- Alzheimer’s disease is now diagnosed by the onset and acceleration of symptoms.
- Researchers now say they are hopeful that a new MRI-based brain scan can detect the disease before symptoms appear.
- The scan uses an algorithm to scan 115 regions of the brain.
- Another group of researchers says they are working on another method in which the brain is scanned for regions that aren’t functioning due to the loss of healthy neurons.
The race is on to find new ways to get an early diagnosis of Alzheimer’s disease using easy, noninvasive, low-cost methods.
Some of the most recent research has focused on using magnetic resonance imaging, or MRI, scans of the brain.
Alzheimer’s is usually diagnosed by the onset of symptoms, but by that time the disease is already underway.
Once diagnosed, an MRI scan is able to show brain shrinkage associated with Alzheimer’s. So far, however, an MRI hasn’t been useful in picking up early signs of the disease.
Now scientists say there may be some breakthroughs in getting an early diagnosis using an MRI. One of the latest studies was
A team of researchers from both the United Kingdom and the United States says their predictive model relies on getting an MRI on a standard 1.5 Tesla machine that’s used for routine scans.
They adapted an algorithm used to classify cancer tumors. They divided the brain into 115 regions and allocated different features to each region.
They trained the algorithm to identify where changes to those features could accurately predict the existence of Alzheimer’s disease.
The team tested its approach on brain scans from more than 400 people with early-stage and late-stage Alzheimer’s and other neurological conditions. The researchers also tested it on data from more than 80 people undergoing tests to diagnose Alzheimer’s.
They reported that in 98 percent of cases, their MRI-based machine learning system could accurately predict whether a person had Alzheimer’s-related brain changes.
They said it was also able to distinguish between early-stage and late-stage Alzheimer’s with fairly high accuracy in 79 percent of people.
Healthline asked Rebecca Edelmayer, Ph.D. to weigh in on the research. She is a scientist and senior director of scientific engagement for the Alzheimer’s Association.
“This research is in its early days and it is not ready to be used as a stand alone diagnostic tool,” she told Healthline.
“It is a model that will need more testing in a larger prospectively collected set of data from a diverse group of individuals,” Edelmayer added. “For the model to be effective at predicting Alzheimer’s and other dementia, it will need to be generalizable to the broader Alzheimer’s population.”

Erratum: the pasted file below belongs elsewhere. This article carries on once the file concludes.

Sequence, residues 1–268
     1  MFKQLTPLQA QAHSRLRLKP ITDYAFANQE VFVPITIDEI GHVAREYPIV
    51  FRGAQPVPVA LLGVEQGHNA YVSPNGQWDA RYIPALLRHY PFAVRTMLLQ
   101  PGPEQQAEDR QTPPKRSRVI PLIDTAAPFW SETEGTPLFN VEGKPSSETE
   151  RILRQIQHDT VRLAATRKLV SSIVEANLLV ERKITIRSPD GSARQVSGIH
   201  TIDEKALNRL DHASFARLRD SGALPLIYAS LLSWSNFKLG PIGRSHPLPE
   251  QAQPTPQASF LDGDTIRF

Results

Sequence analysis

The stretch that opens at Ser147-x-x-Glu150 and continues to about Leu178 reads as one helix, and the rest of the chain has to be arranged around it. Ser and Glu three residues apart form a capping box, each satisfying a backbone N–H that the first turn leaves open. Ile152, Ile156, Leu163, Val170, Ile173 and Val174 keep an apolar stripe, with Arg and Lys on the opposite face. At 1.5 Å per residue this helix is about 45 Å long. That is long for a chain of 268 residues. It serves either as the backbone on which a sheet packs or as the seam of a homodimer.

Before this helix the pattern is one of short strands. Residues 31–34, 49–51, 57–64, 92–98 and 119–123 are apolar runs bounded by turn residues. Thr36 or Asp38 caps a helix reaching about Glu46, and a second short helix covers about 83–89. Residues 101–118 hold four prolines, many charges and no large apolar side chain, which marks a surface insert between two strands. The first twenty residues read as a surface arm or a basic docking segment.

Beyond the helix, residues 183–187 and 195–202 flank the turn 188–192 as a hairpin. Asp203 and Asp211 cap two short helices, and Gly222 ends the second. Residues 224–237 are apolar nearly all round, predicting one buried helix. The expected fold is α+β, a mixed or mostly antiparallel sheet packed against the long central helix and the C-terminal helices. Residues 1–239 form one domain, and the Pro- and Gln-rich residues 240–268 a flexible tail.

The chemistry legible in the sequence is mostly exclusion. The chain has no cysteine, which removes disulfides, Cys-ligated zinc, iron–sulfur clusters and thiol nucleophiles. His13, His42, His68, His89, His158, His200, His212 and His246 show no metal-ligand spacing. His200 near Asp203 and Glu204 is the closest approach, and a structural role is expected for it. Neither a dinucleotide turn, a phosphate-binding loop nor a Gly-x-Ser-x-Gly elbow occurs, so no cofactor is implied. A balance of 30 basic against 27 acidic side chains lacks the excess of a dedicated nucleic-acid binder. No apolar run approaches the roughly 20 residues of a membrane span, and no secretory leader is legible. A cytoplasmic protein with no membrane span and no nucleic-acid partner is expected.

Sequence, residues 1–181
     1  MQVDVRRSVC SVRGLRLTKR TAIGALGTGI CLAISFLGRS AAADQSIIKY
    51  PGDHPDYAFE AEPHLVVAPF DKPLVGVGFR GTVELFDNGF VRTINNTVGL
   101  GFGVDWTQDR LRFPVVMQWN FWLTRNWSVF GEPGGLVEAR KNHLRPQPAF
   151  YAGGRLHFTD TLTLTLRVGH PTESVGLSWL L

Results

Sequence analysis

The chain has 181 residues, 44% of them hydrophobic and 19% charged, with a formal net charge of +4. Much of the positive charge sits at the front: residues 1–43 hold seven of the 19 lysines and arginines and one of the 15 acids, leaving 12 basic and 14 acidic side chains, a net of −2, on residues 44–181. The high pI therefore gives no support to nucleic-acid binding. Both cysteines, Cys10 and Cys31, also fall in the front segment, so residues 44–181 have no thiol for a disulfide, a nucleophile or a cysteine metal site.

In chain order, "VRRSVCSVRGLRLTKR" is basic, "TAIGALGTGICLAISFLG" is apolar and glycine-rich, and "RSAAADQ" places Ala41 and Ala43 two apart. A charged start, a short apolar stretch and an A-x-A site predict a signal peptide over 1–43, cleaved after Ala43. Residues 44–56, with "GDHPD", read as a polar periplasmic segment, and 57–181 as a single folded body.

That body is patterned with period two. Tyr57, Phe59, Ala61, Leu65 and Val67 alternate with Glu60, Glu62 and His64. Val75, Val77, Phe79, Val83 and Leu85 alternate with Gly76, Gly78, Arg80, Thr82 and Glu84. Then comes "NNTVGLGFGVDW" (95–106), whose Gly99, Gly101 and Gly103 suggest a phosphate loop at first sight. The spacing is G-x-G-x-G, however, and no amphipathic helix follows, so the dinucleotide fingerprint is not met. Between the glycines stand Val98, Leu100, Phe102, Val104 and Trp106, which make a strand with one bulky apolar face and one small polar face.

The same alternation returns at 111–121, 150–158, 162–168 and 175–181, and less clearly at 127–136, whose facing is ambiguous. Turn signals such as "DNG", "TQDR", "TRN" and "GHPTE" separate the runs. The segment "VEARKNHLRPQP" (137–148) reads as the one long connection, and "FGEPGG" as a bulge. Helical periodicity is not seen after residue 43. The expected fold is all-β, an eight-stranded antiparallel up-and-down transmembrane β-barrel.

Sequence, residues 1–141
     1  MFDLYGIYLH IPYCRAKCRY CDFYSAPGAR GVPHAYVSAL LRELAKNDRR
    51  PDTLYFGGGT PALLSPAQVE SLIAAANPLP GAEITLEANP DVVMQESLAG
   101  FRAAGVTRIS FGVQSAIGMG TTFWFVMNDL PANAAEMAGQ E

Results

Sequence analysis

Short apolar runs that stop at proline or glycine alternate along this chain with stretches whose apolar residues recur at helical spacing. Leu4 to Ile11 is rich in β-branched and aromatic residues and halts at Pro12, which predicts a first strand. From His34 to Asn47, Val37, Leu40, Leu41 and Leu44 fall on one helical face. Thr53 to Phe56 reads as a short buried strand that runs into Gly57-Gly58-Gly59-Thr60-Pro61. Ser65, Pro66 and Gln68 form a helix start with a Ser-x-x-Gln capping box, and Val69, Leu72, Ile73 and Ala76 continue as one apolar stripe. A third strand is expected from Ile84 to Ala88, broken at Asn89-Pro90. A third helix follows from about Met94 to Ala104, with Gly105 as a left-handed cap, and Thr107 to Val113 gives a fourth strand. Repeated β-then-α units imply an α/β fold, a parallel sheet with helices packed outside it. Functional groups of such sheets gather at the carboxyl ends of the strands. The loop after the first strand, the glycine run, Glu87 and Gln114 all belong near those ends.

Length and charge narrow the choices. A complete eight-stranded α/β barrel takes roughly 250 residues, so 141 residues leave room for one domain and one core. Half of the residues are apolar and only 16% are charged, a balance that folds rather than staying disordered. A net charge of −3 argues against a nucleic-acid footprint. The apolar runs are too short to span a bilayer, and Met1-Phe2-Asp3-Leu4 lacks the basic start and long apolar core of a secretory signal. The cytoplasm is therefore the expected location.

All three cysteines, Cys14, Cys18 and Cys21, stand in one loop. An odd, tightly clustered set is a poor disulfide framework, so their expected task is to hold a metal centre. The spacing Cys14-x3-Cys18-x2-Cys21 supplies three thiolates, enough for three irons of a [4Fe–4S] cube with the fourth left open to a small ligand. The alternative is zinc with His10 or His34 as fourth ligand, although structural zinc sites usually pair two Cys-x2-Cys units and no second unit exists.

Edenmayer also noted that the diagnostic model was developed for a specific type of MRI machine with a particular strength of magnetic field.
She said with a variety of machines in use, the results can’t be generalized to all types of scanners. But she said the research is working to address an important issue in the field — early detection.
“With FDA [Food and Drug Administration] accelerated approval of the first anti-amyloid disease-modifying Alzheimer’s treatment and more coming down the pipeline, it is vital that individuals with Alzheimer’s be diagnosed early in the disease process when treatment may be most beneficial,” she explained. “Plus, early detection of Alzheimer’s allows individuals and their families more time to plan for the future, participate in clinical trials and seek community resources.”
“There is a lot of research going in this direction to try to use MRI or some other kinds of technology to detect early onset of Alzheimer’s,” said Dmitriy Yablonskiy, Ph.D., a professor of radiology at the Mallinckrodt Institute of Radiology at the Washington University School of Medicine in St. Louis.
Yablonskiy and his colleagues say they have a “novel MRI approach” that could be a way to identify brain cell damage in people in the early stages of Alzheimer’s before brain shrinkage is visible and before they have cognitive symptoms.
“It is easy to implement on commercial MRI scanners and it takes six minutes to get this information,” he told Healthline.
The researchers published their study results in the Journal of Alzheimer’s Disease three months ago.
Their approach involves a new quantitative Gradient Echo (qGRE) MRI technique developed in the Yablonskiy lab to show brain areas that are no longer functioning because of a loss of healthy neurons. Using the qGRE technique, those areas where the neurons were starting to degenerate appeared as so-called “dark matter.”
Without using that technique, they would appear normal on the MRI.
The research team studied 70 people, ages 60 to 90. They included people with no cognitive impairment as well as those with very mild, mild or moderate impairment.
Researchers applied their qGRE MRI technique to scan the hippocampus, the brain’s memory center and one of the earliest regions affected in Alzheimer’s. Their results showed that, in some participants, the region often contained a healthy tissue section with relatively preserved neurons and a “dark matter” dead zone without healthy neurons.
Those “dark matter” zones showed up in people who tested positive for amyloid but were not yet experiencing symptoms.
Yablonskiy says next his team will set out to validate its findings with a larger study group. He believes their technique could be widely used to get an early Alzheimer’s diagnosis.
“I’m really excited about this, yes absolutely,” he said. “Not just me, but the whole team here.”